Review – God of War: Origins Collection

Two PSP classics get remastered in HD for PS3. How does the collection stack up?

Erik Norrisby Erik Norris


There’s probably a very good chance that you never played God of War: Chains of Olympus or God of War: Ghost of Sparta since both titles have been exclusive to the PlayStation Portable since their release. So, in order to enjoy these games you had to fire up that horribly uncomfortable handheld (banking on the fact that you own one) and push through the pain to enjoy the creamy goodness awaiting within.

Thankfully, that’s no longer necessary. Sony has realized that two gems such as these should not go unnoticed, played only by the niche audience that haven’t yet turned their PSPs into glorified doorstops. Better yet, Sony and Ready at Dawn Studios have put both games on a single blu-ray for use in a PlayStation 3, while also making sure to spruce up the graphics to high definition quality. But the true cherry on the top is that this dual pack only costs $40. Honestly, what isn’t to like about that?

Short answer: nothing.

In a nutshell, the God of War: Origins Collection, as Sony’s labeling it, is a great purchase for those who never got a chance to experience either of these games on the PSP. That’s the camp I fall into. Having now played both titles via this new remaster re-release, I can tell you that both Ready at Dawn-developed God of War games stand up next to the work of Sony Santa Monica’s God of War trilogy. Chains of Olympus and Ghost of Sparta bring the epic set pieces, fantastic environments, mildly challenging puzzles and addictive combat we’ve come to expect from the God of War series. These two titles fit right in without sacrificing anything during the transition from PSP to full-blown PS3 titles.


For the most part, both Chains of Olympus and Ghost of Sparta look better than the remastered versions of God of War 1 and 2 that released as part of the God of War Collection in late 2009. While there are some models that lack definition and characters that sport hands made out of bricks, the overall graphical presentation of both games is damn impressive work.

Ready at Dawn obviously built these games to be graphical stunners on the PSP, but who knew they would hold up so well when blown up to television size (the high definition spit shine obviously helped here). Now you can finally soak up the minute details Ready at Dawn pumped into the game’s environments and central characters, such as Kratos’ washerboard abs. While these games obviously don’t reach the level of graphical superiority seen in God of War III, they do still manage to visually please. You’d be crazy to complain about what is being offered here from a graphical standpoint, considering these are PSP titles at their core.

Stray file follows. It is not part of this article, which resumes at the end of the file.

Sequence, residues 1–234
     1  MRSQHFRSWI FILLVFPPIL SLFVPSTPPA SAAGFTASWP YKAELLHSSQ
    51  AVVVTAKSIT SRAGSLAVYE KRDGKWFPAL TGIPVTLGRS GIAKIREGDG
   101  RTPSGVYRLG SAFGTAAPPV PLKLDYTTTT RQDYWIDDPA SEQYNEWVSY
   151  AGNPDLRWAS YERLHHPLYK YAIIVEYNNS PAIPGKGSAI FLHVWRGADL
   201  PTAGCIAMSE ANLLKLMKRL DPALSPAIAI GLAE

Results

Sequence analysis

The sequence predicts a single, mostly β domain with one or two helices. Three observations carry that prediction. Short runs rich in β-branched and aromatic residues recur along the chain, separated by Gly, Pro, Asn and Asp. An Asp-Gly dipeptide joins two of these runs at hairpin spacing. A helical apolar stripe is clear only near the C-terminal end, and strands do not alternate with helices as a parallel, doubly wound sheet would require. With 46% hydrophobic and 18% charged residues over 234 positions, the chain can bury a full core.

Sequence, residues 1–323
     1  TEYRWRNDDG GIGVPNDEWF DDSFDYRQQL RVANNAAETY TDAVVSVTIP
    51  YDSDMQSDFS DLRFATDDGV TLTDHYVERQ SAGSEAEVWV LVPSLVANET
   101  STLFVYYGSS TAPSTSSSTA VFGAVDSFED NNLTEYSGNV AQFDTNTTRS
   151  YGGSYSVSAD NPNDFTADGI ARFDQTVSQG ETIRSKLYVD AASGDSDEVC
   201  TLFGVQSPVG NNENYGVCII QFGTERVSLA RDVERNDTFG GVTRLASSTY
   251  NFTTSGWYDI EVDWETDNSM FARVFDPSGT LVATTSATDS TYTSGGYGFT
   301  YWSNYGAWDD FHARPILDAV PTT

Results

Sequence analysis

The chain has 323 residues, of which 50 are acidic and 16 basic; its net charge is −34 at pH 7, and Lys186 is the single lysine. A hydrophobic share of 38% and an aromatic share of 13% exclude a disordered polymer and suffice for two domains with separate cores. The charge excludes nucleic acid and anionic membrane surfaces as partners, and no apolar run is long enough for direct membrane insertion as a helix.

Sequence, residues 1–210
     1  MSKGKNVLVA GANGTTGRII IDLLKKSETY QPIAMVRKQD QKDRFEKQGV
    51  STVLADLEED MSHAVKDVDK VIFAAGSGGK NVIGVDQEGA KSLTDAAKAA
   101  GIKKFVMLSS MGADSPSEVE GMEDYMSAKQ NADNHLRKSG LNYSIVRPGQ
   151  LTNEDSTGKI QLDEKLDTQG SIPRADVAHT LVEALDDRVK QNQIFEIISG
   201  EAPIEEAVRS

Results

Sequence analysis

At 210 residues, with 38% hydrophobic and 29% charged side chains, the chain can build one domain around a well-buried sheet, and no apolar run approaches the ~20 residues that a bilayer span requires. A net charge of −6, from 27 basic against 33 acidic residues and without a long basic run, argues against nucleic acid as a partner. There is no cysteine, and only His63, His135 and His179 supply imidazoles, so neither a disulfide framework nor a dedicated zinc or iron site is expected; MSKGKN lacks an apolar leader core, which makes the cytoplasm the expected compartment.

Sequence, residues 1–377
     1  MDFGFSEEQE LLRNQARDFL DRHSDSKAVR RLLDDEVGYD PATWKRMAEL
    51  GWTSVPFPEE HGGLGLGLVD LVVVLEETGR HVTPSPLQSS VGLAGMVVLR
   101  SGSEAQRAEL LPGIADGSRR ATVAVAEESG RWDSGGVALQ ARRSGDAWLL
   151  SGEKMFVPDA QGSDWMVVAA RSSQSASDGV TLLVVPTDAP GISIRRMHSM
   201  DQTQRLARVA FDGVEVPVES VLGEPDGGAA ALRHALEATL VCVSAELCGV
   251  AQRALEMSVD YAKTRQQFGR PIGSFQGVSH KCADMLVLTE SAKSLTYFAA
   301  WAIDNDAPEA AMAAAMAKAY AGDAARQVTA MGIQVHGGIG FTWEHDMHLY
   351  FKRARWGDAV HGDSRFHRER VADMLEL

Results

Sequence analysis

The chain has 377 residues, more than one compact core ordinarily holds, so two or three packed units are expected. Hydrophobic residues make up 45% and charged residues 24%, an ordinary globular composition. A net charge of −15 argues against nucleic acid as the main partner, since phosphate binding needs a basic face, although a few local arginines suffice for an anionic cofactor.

But graphics aren’t everything in a God of War game. The real breadwinner and what’s kept us coming back sequel after sequel is this franchise’s silky smooth gameplay. When it comes to close-quarters combat, no franchise does it as well as the God of War series. And Ready at Dawn gets it. I haven’t touched a God of War game since God of War III launched in early 2010, but it felt like slipping back into a comfortable pair of shoes with the Origins Collection. Every blade swipe and dodge felt exactly how I remember them. I’m truthfully not sure if Ready at Dawn touched up the controls to optimize them for the PS3 controller during the porting process or not, but whatever they did (or didn’t do) worked. God of War diehards will feel right at home with the controls in both Chains of Olympus and Ghost of Sparta.


The God of War: Origins Collection is really only hampered by the few technical issues that crop up from time to time. Occasionally, the game will just stop to load in the middle of actions (this happens more in Chains of Olympus than Ghost of Sparta), and the transitions from gameplay to cutscene could be a lot smoother. I also ran into a few glitches where Kratos just stopped fighting and sat there, enemies circling around him like buzzards. And while I’m airing my grievances, why weren’t the cutscenes given the HD treatment? The same oversight was blatantly obvious in the original God of War Collection, and I know it got a lot of flak for it. Would it really have been that hard to fix that this time around?

Outside my few gripes, it should be clear that I recommend the God of War: Origins Collection to those who haven’t played these two games on the PSP. It’s really a no-brainer if you consider yourself a God of War fan. But now the question is if people should pick up the Origins Collection if they already own the games on PSP. I think the answer to that lies in how much you want to replay these games on a television from the comfort of your couch. If the answer to that is “yes,” then go buy the Origins Collection. Case closed. But if you don’t really care about that and are perfectly content with pulling out the ol’ dusty PSP to relive the adventures, then the Origins Collection doesn’t really offer anything new, outside trophy support. So consider yourself warned. But there’s no denying that Kratos is back on the PS3 with a vengeance.